VU Theatre presents underground classic ‘Unfinished Women’ Nov. 4–12

VU Theatre set for 'Unfinished Women'
VU Theatre set for 'Unfinished Women' shows playwright's juxtaposition of home for teenage mothers with boudoir where Bebop jazz musician spends last days (photo credit: Phillip Franck)

Vanderbilt University Theatre will explore themes related to teenage pregnancy and the Black experience during the 1950s with its latest production, Unfinished Women Cry in No Man’s Land While a Bird Dies in a Gilded Cage.

The mid-20th-century drama, which is directed by Assistant Professor of Theatre Kristyl D. Tift, opens on Friday, Nov. 4, at 8 p.m. in Neely Auditorium.

The late Aishah Rahman, a noted African American playwright and author, juxtaposes two stories and places in Unfinished Women: the Hide-A-Wee Home for Unwed Mothers, where girls (unfinished women) from diverse backgrounds find themselves; and Pasha’s boudoir, where Bebop jazz saxophonist Charlie “Bird” Parker spends his last days in a narcotic fog with his mistress.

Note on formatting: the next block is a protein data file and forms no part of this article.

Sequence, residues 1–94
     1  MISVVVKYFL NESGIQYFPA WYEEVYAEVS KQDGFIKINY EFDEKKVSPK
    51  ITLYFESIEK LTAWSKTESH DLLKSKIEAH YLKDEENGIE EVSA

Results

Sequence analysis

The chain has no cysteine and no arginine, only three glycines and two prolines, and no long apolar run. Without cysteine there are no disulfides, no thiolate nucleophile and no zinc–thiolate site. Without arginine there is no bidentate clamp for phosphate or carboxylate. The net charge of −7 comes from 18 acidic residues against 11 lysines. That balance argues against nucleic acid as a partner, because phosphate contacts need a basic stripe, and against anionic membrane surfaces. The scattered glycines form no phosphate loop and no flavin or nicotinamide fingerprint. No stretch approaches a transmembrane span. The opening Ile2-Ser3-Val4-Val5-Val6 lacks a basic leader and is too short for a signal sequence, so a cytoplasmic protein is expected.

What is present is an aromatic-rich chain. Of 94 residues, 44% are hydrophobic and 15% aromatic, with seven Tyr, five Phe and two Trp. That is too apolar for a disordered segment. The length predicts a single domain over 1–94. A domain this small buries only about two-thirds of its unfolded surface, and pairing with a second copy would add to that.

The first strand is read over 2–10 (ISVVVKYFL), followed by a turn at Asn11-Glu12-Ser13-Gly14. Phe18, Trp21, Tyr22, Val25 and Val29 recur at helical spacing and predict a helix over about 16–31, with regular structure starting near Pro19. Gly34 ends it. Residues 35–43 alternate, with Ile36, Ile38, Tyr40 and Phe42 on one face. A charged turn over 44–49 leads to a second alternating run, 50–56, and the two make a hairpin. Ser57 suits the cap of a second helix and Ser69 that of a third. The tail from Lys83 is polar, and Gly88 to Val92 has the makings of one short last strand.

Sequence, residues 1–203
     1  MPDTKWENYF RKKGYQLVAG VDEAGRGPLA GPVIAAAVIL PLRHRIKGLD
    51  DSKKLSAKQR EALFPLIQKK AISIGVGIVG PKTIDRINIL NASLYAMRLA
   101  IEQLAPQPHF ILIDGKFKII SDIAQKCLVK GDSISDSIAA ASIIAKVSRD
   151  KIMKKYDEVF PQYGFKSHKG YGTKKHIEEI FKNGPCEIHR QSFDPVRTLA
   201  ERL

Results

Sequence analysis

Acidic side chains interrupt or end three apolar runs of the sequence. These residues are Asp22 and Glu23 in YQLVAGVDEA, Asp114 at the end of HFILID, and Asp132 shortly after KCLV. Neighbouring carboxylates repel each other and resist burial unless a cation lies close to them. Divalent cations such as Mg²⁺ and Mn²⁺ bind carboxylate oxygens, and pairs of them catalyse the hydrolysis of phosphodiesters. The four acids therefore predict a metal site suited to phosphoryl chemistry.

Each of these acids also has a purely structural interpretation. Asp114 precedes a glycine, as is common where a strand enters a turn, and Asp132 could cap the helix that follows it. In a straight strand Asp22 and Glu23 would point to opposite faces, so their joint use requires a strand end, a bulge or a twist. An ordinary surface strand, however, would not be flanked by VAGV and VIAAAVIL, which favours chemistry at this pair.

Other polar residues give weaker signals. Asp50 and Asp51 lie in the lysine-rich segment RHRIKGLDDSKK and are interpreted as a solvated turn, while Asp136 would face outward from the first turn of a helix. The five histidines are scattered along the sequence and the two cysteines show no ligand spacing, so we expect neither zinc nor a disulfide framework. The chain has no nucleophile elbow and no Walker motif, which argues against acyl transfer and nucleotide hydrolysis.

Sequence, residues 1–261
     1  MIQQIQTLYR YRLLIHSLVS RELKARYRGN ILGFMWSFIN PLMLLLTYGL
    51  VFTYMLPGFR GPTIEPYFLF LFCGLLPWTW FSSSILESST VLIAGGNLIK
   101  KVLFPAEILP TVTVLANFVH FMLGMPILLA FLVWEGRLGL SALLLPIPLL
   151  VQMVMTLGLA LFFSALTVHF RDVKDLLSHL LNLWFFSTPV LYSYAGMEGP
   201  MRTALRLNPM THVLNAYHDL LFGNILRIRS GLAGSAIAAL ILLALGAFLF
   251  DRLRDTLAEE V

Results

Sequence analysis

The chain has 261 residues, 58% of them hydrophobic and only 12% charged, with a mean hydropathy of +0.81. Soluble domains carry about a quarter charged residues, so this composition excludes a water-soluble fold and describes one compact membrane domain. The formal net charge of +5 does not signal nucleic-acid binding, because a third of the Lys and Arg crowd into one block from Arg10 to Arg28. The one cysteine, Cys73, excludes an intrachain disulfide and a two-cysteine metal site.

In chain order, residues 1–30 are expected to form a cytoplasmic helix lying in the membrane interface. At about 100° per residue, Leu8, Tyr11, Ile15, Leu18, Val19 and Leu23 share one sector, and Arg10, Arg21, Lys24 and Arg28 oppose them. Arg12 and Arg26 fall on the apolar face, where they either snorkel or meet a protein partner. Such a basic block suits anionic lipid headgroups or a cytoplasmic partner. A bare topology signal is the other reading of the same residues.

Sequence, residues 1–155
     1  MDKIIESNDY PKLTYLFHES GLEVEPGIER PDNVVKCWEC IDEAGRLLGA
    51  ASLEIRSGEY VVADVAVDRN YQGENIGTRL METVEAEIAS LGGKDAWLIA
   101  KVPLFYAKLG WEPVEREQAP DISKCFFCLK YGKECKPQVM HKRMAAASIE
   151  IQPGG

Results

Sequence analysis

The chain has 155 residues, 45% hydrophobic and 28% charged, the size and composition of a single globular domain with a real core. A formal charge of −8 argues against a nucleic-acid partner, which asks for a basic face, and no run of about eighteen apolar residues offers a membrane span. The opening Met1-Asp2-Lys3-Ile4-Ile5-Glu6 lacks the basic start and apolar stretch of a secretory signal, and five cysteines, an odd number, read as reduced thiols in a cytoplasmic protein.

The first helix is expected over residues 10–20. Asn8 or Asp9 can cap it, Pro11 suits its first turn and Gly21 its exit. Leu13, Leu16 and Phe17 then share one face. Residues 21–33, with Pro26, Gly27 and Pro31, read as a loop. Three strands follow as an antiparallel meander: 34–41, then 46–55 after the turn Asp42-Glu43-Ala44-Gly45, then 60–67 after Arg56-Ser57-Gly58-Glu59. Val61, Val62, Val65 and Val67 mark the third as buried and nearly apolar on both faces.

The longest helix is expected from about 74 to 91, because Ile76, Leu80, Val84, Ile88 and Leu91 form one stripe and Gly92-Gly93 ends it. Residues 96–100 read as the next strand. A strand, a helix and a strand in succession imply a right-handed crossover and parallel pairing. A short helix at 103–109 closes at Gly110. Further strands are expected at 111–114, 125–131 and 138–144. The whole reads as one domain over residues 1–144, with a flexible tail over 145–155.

“In Unfinished Women, time is cyclical—past, present and future come together,” Tift said. “Incorporating the spiritual beliefs and practices of the Yoruba people, Rahman insists that three worlds exist simultaneously: that of the unborn, the living and the dead.

“The two separate spaces in this story connect Parker, a legendary musician, to five teenage girls who love him: Wilma, Midge, Mattie, Consuelo and Paulette,” Tift said. “They all must choose whether to keep their babies or give them up for adoption on the same day that Parker dies.”

Rahman’s play, which she called a “polydrama,” was first produced by the New York Shakespeare Festival in 1977.

“While directing this play, I thought about how reproductive choice in the contemporary moment speaks to stories of teenage mothers of the past,” Tift said. “I also considered the impact of substance abuse on our brightest stars. These musings led me, ultimately, to focus on the very notion of choice—how we come to choose what/who we choose and how we live with those choices.”

Phillip Franck, professor of theatre and department chair, designed the set and lighting for Unfinished Women. He and Tift partnered on the sound design. Others contributing to the production include Hannah Challman, costume designer, and Liz Haynes, assistant professor of the practice of theatre, as technical director. The show also features live music by saxophonist Max Dvorin, Fred Coe Artist-in-Residence.

Performances after opening night are at the following times:

  • Saturday, Nov. 5, at 8 p.m.
  • Sunday, Nov. 6, at 2 p.m.
  • Thursday, Nov. 10, at 8 p.m.
  • Friday, Nov. 11, at 8 p.m.
  • Saturday, Nov. 12, at 2 p.m.

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